results from the growing of palms (EI-Mously, 1998). Date palm has provided many pharmaceutical uses from
the ancient times till now. Medically, dates were recommended in mouth washes (an application most likely
frowned upon by a present-day dentist); as a purgative or in gynaecologically related interventions (Darby et
al. 1977). They added that dates formed part of various ointments, bandages and opthalmic prescriptions and
Plinius reports: "dates are applied with quinces, wax and saffran to the stomach, bladder, belly and intestines.
The sap of leaves is a remedy for nervousness, kidney trouble and putrid wounds and calms the effervescence
of the blood. Burnt seeds are made in an ointment for ulcers or a collyrium that produce long eyelashes.
The fruit, because of its tannin content, is used medicinally as a detersive and astringent in intestinal
troubles. In the form of an infusion, decoction, sirup or paste, is administered as a treatment for sore throat,
colds, bronchial catarrh. It is taken to relieve fever, cystisis, gonorrhea, edema, liver and abdominal troubles.
And it is said to counteract alcohol intoxication. The seed powder is an ingredient in a paste given to relieve
ague. A gum that exudes from the wounded trunk is employed in India for treating diarrhea and genito-urinary
ailments. It is diuretic and demulcent. The roots are used against toothache (Morton, 1987). This sampling of
medicinal use of date palm products could not end without reference to the invigorating power bestowed on
man when consuming male flowers and male spathe (Popenoe, 1973).
The Present Status of Date Palms and Date Production in Some Arab Countries:
The world date palm cultivation is concentrated mostly in the Near East and North Africa, favoured by
the suitable dry sub-tropical and high temperature climate prevailing in these regions (Sawaya, 2000).
According to the report of FAO (FAOSTAT, 2009) about 75% of the world production of dates is in Arab
countries for 2008; half of these is in Gulf area (including Iraq and Yemen) and the other half is in North
Africa countries (including Sudan) (FAOSTAT, 2009) (Fig. 1). Production of dates in Arab countries stood
at 5,096.99 tones produced from 82,346.08 date palm trees (AOAD, 2008) (Table 1). This clearly indicates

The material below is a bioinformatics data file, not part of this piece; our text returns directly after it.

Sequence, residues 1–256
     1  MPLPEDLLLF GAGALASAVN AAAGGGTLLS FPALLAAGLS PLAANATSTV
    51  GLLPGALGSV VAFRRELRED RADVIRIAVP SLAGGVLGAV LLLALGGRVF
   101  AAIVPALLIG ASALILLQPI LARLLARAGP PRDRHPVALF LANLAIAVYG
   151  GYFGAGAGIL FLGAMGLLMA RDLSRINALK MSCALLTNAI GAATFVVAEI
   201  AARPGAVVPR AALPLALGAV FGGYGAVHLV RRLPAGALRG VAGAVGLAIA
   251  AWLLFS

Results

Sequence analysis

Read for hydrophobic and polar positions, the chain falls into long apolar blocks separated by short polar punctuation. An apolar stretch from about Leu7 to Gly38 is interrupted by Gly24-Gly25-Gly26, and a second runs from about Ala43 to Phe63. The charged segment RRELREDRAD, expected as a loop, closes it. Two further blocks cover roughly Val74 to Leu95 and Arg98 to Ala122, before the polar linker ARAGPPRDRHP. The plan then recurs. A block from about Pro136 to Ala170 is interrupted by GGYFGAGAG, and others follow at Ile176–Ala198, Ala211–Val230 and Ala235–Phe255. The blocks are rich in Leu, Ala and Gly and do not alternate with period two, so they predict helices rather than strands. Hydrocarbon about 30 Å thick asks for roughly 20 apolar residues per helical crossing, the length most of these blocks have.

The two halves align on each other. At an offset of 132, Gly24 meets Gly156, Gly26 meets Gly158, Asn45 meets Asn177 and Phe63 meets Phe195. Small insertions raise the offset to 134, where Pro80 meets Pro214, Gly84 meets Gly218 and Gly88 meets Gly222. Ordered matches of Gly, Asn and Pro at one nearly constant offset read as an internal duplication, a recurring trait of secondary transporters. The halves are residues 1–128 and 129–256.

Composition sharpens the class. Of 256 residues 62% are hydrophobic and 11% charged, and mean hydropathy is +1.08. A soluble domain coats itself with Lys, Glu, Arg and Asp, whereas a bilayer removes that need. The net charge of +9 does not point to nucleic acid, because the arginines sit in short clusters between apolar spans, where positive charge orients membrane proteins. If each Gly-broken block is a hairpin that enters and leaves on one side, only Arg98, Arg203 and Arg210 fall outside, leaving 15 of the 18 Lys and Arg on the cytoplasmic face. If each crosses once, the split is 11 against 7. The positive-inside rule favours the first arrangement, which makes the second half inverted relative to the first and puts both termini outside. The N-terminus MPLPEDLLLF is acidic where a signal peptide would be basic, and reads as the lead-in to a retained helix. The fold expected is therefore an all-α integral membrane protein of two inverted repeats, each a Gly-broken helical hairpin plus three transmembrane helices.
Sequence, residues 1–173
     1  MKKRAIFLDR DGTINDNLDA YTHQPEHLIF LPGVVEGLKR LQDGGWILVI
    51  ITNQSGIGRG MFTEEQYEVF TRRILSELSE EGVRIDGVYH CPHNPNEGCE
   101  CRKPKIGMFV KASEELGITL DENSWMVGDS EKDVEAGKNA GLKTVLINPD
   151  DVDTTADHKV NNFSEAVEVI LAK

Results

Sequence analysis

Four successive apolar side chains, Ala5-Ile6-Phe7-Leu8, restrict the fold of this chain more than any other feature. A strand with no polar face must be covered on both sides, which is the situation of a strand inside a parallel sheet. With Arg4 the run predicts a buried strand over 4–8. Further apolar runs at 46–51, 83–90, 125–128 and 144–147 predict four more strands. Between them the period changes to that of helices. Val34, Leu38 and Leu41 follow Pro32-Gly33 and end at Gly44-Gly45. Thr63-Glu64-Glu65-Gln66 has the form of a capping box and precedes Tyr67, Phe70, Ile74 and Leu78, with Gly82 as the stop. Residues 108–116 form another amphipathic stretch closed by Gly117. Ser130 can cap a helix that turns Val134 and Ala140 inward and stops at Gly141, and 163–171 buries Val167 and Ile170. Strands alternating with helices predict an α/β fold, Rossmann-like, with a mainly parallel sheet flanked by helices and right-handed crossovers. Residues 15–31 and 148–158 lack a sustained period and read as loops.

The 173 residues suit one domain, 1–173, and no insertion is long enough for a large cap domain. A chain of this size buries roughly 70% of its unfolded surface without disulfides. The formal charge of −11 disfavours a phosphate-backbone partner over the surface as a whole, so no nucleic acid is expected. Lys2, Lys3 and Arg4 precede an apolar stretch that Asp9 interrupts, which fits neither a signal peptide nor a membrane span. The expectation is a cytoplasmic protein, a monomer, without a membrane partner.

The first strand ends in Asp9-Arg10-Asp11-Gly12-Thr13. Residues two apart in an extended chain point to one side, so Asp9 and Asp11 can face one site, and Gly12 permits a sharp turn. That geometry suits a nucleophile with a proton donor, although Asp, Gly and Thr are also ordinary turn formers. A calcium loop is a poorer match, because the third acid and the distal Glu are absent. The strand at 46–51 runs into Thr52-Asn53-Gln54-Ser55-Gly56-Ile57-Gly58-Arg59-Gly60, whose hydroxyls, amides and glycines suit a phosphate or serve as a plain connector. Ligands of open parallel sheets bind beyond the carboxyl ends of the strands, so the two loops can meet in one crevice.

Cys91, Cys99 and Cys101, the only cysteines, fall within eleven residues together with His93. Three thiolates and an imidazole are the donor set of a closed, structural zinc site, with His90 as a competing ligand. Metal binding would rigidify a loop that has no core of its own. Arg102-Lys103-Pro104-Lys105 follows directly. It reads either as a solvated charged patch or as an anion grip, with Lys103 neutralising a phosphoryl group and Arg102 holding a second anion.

that most of the world’s date production is concentrated in a few countries in the same region. Date production
of Egypt alone represents about 20% of the total World production, while Tunisia, Algeria and Saudi Arabia
are among the five leading date-exporting countries (Zaid, 2001). North Africa is the second most important
growing area for date palms in the world with approximately 30% of the world’s total number of date palms;
its production is about 1,500,000 tones of dates (Oihabi, 2001). In addition to the Arab countries, Pakistan and
Iran are considered of the main date producers, with production accounted for 14.20% and 9.65% of the total
World date production, respectively, for 2008 (Fig. 1).
Jaradat and Zaid (2004) reported that the red palm weevil [(Rhynchophorus ferrugineus (Olivier)] is
threatening the Arab region’s date palm trees. On the other hand, drought, due to a lengthy rainless period and
drying up of many water wells, and as a consequence, increased water and soil salinity, are two serious threats
to the expanding date palm plantations in most parts of the Arabian Peninsula. Due to economic and social
factors, the diversity of date palm groves in most countries in the Arabian Peninsula and North Africa is
declining and the composition of these groves as to the number of cultivars witnessed a sharp decline in recent
It is worth mentioning that accurate statistics on the number of date palms are not always available and
not easy to collect (Zaid, 2001). The number of date palms presented in publications could be deceptive
sometimes, as one can not know whether the trees are mature producing trees or young palms. The following
describes the present status for date production in the main date-growing counties of the Arab countries.
Historically, it is said that Iraq is the tree’s birthplace. The date palm has an important status in Iraq as
it was the first country in the world when it comes to the number of date palms. Jaradat (2003) reported that
more than 30 million date palms existed in the early 1960s. In terms of date production, Iraq used to be a
major producer of dates but in recent years the amount of dates produced and exported has decreased. In the
1980s and mid-1990s, Iraq was consistently among the top five date-producing countries in the world and often
ranked number one in terms of production by volume (Walsborn, 2008). In the early 1980s, an estimated 30
million date palm trees were growing in Iraq, but the number has declined dramatically since then (Rahif et
Aust. J. Basic & Appl. Sci., 4(8): 3998-4010, 2010
al., 1988). The devastation of the Shatt al Arab area during the Iran-Iraq War hastened the destruction of date